“In this tragic case, the treatment necessary to save the mother’s life required the termination of an 11-week pregnancy,” the hospital said in a statement. “This decision was made after consultation with the patient, her family, her physicians, and in consultation with the Ethics Committee.”

Sister Margaret was a member of that committee. She declined to discuss the episode with me, but the bishop of Phoenix, Thomas Olmstead, ruled that Sister Margaret was “automatically excommunicated” because she assented to an abortion.

“The mother’s life cannot be preferred over the child’s,”
the bishop’s communication office elaborated in a statement.

Let us just note that the Roman Catholic hierarchy suspended priests who abused children and in some cases defrocked them but did not normally excommunicate them, so they remained able to take the sacrament.

A statement from the bishop’s office did not dispute that the mother’s life was in danger — although it did note that no doctor’s prediction is 100 percent certain. The implication is that the church would have preferred for the hospital to let nature take its course.

Politicized Curriculum in Texas
The New York Times: May 25, 2010

The social conservatives who dominate the Texas State Board of Education backed down last week from a few of their most outrageous efforts to tilt the state’s social studies curriculum. They dropped a proposal that President Obama be referred to as “Barack Hussein Obama” and lost in their efforts to rename the “slave trade” the “Atlantic triangular trade,” a clear attempt to downplay slavery’s horror and spread the blame.

The changes they did force into the standards for such subjects as history, government and economics were bad enough and bear no relationship to neutral pedagogy. The original curriculum standards were drawn up by teams of teachers and scholars who spent nearly a year on the huge undertaking. The board eagerly exercised its power to amend those requirements.

In what looks like an effort to justify injecting more religion into government, it voted to require students to examine why the founding fathers protected religious freedom — and how that approach contrasts with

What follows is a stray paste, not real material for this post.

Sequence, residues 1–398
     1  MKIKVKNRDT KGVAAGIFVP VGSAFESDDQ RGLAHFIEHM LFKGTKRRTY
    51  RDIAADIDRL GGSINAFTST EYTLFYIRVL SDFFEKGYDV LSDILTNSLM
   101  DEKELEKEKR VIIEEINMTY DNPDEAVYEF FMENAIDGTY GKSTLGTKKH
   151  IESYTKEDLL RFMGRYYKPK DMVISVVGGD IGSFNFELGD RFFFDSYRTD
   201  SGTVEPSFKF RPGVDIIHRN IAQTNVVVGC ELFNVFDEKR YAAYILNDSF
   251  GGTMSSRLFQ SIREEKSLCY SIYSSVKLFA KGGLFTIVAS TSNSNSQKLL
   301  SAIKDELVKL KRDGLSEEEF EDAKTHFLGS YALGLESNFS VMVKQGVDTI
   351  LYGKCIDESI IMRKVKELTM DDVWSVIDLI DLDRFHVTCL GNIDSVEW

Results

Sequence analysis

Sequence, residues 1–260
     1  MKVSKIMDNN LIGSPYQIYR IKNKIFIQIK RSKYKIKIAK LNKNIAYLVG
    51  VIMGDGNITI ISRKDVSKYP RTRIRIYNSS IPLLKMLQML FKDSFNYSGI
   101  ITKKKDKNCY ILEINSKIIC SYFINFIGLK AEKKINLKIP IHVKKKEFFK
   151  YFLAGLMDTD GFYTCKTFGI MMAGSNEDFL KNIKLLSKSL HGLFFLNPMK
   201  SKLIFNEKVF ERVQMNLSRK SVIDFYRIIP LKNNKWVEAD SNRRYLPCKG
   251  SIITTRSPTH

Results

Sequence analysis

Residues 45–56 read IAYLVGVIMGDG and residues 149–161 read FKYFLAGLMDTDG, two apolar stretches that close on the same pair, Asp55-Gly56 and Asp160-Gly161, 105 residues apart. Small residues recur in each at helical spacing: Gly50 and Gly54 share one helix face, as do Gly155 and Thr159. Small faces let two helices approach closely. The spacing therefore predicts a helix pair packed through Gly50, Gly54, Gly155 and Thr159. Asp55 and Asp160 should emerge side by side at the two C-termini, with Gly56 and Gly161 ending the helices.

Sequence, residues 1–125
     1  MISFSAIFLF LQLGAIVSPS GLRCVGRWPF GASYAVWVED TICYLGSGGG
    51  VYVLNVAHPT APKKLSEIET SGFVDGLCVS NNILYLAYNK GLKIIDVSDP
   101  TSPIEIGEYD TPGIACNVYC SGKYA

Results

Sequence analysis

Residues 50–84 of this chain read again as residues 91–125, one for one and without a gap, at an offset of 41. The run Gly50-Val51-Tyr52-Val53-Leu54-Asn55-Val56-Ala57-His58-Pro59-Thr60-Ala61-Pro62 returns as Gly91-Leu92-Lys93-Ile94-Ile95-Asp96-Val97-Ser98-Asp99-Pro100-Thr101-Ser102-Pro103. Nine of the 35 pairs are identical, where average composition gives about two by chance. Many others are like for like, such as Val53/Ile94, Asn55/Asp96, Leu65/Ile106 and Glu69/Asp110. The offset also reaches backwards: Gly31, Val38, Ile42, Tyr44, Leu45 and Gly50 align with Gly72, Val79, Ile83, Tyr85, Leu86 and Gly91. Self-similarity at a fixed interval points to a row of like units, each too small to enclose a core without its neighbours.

“separation of church and state.”

Rising vs. Saudi zealots
Tackling morals cops

Times of London: May 22, 2010

It has not been a good week for Saudi Arabia's morality police, defenders of the kingdom's strict Islamic values and the scourge of young men and women who dare to meet in public out of wedlock.

The zealous, all-male volunteer force from the Commission for the Promotion of Virtue and Prevention of Vice patrols shopping malls, harassing unescorted women and arresting others for not wearing suitably modest dress, their religious authority unchallenged.

This week, however, two separate reports emerged of Saudi women not just fighting back but besting the intimidating guardians of public morality.

Banning the burqa
Veil is anti-woman

The New York Post:May 22, 2010

The French government this week decided to fine Muslim women who wear a full-face veil in public -- and France is only the latest in a series of European countries seeking to ban the religious garb. Is this an infringement of religious liberty intended to discriminate against Muslims? Or is the measure necessary to protect the security of others? The answers are a lot more complicated than you might think.

A minority of Muslim women actually wear the burqa or niqab in Muslim countries or the West. The garb consists of a gown and headdress that covers the woman head to foot, revealing only her eyes. Obviously, it is impossible to determine who is under the veil -- even whether the person is male or female.